Why Do People Take Speculative Risks?
Some people like the adrenaline rush when they watch a highly competitive match or when climbing a mountain, such as Mount Everest. In other cases, some people prefer to put all their “eggs in one basket”, hoping to maximize on the potential gain. Man is meant to take risks. Even mundane activities such as driving to the place of work are risky as accidents can occur unexpectedly. The house in which one lives can collapse when an unexpected tremor occurs. It is on this basis that some people take speculative risks.
Every human being hopes to live a better life than he or she lived yesterday. Even extremely depressed individuals who regularly contemplate suicide and hopeless individuals who see no need to carry on with life turn around their intentions when they find something to live for. Man thus strives to do as much as possible to attain a better life. Taking extreme risks becomes an option. Speculative risks can result in good returns but they can also result in terrible losses if the outcome happens to be unfavorable. Investment in the stock market is a good way in which some individuals expect to reap big within a short time. Every investor expects that the stock market will jump soon and he will reap heavy profits. Heavy profits translate to the accumulation of more wealth, resulting in better life and an increased ability to purchase more goods and services. Businesses that specialize in stock market investment look forward to reaping big and gaining more profit in the short and medium term.
Gamblers are another category of speculative risk takers. Speculative risk has a long history. During the Gladiator games held in Rome many decades ago, some individuals could bet on some “gladiators” winning contests. In such cases, monetary gain was the main motivation. It is the expectation of every casino gambler that he will emerge victorious in an attempt to get rich quickly within a short period of time. Walking into a casino and taking the chance to bet can result in heavy losses if the bookmaker fails to win. However, some bookmakers like the adrenaline rush of waiting for the outcome. As adrenaline flows fast during gambling in anticipation for a victory, the bookie feels a fresh boost of energy fill him. The thrill associated with such risks drives the habits adopted by such individuals.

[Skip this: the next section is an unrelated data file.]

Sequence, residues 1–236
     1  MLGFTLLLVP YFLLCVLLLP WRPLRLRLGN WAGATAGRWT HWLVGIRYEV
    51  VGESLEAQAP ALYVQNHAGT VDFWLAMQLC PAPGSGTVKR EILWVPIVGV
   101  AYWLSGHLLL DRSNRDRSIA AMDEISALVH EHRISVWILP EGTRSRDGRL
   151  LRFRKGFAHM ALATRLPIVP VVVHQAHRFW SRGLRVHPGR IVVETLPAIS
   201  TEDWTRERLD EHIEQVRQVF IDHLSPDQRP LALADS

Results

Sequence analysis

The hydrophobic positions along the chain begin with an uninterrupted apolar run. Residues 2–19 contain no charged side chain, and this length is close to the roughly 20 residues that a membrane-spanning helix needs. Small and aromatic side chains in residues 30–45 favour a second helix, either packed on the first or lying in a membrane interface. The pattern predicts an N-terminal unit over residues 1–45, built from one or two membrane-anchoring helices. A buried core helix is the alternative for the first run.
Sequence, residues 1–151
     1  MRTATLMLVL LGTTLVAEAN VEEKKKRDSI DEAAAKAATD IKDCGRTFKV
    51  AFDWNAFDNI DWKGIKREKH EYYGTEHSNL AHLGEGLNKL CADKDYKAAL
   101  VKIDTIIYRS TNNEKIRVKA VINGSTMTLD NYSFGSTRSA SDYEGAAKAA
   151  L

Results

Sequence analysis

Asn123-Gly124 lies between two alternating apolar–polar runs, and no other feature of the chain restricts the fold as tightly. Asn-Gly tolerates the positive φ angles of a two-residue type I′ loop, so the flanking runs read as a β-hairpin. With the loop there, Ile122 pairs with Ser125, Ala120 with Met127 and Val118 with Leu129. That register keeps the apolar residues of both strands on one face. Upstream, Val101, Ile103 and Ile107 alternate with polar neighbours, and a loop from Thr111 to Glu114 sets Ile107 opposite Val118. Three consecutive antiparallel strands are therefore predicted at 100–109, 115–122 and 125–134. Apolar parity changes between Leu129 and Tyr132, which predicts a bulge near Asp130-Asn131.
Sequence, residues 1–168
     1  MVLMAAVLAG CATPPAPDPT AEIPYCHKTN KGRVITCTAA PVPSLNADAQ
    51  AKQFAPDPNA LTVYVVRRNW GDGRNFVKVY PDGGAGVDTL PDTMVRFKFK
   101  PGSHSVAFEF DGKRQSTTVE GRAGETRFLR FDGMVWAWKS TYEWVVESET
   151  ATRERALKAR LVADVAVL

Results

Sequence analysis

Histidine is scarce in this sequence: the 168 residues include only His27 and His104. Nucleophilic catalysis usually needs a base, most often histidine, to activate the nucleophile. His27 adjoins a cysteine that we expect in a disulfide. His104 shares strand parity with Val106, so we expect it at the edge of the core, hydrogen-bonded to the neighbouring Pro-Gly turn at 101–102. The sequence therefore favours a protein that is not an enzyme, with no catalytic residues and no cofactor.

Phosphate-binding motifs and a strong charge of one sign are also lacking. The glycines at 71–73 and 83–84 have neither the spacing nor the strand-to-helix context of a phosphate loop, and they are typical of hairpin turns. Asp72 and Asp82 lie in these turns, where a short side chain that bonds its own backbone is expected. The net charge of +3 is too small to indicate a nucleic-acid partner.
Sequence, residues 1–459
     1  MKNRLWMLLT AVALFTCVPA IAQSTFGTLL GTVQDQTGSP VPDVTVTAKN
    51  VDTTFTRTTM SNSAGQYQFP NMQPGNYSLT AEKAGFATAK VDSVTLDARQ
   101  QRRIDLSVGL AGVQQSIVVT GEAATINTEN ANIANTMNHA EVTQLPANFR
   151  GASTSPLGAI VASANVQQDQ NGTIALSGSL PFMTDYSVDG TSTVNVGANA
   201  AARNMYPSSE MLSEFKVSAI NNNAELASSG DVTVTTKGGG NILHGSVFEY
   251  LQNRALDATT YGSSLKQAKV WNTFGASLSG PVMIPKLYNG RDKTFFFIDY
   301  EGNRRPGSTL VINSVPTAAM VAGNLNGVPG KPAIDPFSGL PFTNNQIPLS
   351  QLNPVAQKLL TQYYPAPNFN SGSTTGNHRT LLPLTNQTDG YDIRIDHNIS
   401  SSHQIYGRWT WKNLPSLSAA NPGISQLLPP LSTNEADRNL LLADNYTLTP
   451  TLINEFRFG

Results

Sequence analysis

In a way, the mental and emotional charge associated with speculative risks is another factor that motivates individuals who take such risks. For bookies who bet on major soccer leagues, for instance, the 90 minutes seem too long. An individual who has staked $10,000 on a single soccer game stands to gain or lose a lot. He can hardly wait for the 90 minutes to end. The hope that he will win and win lots of money motivates him to continuously gamble.
Furthermore, a wealthy individual, such as Bill Gates, can afford to speculate with large sums of money without necessarily risking his well-being. If he wins, he becomes richer but if he loses, the loss will not affect him as much as it would for a poor person. In this case, such speculative risks are driven not by the desire to exponentially grow one’s financial status but for fun and pleasure.
In conclusion, speculative risk is fueled by hope and a desire for better life. A couple of reasons pointed out in this paper explain why some individuals eventually adopt speculative tendencies in the long run. However, no speculative risk taker places his money in an activity or event which he is sure to lose. Thus, monetary gains stand head and shoulder above all other reasons that motivate individuals to engage in speculative risk activities.